In the wake of the first confirmed COVID-19 case among Indiana University of Pennsylvania students, the school’s vice president for student affairs is asking the campus community to take “a few steps farther” its commitment to “the health and safety of the IUP family.”
In an email obtained by the Gazette, Dr. Thomas C. Segar thanked the student body “for following the social distancing and face covering guidelines in place for campus during the first week of classes,” adding, “your commitment to the health and safety of the IUP family makes me very proud to be a Crimson Hawk.”
He is asking students to continue the practice of masking and social distancing when they are off campus, too.
“We cannot put our students and our community at risk,” Segar wrote. “If the cases of coronavirus escalate in the Indiana community and in Indiana County, we may be forced to change how IUP continues this semester.”
Under IUP’s hybrid fall learning plan, announced Aug. 3, as many as two-thirds of the student body is staying home and using online technology to access their courses.
IUP President Dr. Michael Driscoll said face-to-face instruction is being provided for students in academic programs that require them to be on campus, such as those offered by the Academy of Culinary Arts and the Criminal Justice Training Center.
Also, Driscoll wrote, those to return to campus include most students in graduate programs, most international students who are in the United States and students with special circumstances.
Segar was not available for further comment about his email.
Another email sent out as an emergency measure to the campus community Wednesday evening said the student “is self-isolating and is following the required response protocol as recommended by health care professionals treating this individual.” It said the student, not otherwise identified, “has been self-isolating for several days and has not been physically present in any classes.”
According to a “COVID-19 Dashboard” on IUP’s website, there are 169 isolation beds available on campus.
“I do not know of notifications of any additional positive cases,” said IUP Executive Director of Media Relations Michelle Fryling.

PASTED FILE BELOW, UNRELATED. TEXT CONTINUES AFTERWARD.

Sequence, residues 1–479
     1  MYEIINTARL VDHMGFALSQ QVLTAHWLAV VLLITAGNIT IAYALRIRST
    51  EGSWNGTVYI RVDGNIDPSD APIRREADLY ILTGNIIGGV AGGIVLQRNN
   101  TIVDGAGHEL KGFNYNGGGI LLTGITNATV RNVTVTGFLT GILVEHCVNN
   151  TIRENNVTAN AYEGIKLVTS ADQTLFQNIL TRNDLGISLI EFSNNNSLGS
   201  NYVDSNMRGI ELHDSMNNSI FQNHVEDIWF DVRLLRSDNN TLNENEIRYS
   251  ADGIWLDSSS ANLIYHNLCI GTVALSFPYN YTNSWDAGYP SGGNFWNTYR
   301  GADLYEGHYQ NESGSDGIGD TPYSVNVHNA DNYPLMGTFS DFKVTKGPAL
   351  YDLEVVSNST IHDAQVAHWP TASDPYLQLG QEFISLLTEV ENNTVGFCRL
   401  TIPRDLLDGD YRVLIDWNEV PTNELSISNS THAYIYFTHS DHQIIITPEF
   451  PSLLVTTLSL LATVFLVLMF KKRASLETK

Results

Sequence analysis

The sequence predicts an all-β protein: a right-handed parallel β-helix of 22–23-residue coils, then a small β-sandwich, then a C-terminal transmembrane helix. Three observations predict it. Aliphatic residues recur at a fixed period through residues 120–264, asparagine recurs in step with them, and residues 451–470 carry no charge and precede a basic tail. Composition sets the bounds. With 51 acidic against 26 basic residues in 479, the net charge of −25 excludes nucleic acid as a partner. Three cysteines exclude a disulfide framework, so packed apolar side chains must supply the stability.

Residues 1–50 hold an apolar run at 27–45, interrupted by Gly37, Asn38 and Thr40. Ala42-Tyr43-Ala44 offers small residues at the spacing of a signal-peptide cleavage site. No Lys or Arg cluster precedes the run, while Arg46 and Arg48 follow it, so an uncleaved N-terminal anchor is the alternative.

In his Thursday email, Segar cited state guidelines that prohibit indoor gatherings of 25 or more and outdoor gatherings of 250 or more.
“Even if you are outside, if you are in a crowd and cannot be socially distant, you must wear a face covering,” Segar wrote. “Remember, social distancing means being at least six feet away from others.”
“Remember, you may not feel ill, but you could become infected and infect others — people you live and work with here, or your family and friends when you go home for a visit,” Segar wrote. “Other universities have faced serious consequences when students did not follow these rules.”
All of this coincides with reports out of Bloomsburg University of Pennsylvania that 90 people tested positive for the coronavirus. The Patriot-News in Harrisburg quoted Pennsylvania State System of Higher Education officials as saying all of those infected are students, except for one employee. The campus has since moved to strictly online learning.
Bloomsburg has more than 8,500 students, with about 2,200 living on campus.
At IUP, Segar cited transitions to remote learning after the first week of classes at the University of North Carolina at Chapel Hill and the University of Notre Dame.
In both cases, he said, “this was a result of off-campus parties with students not following health and safety guidelines.”
On Friday, Notre Dame President John Jenkins told students at the South Bend, Ind., university that they would gradually return to in-person classes beginning Wednesday.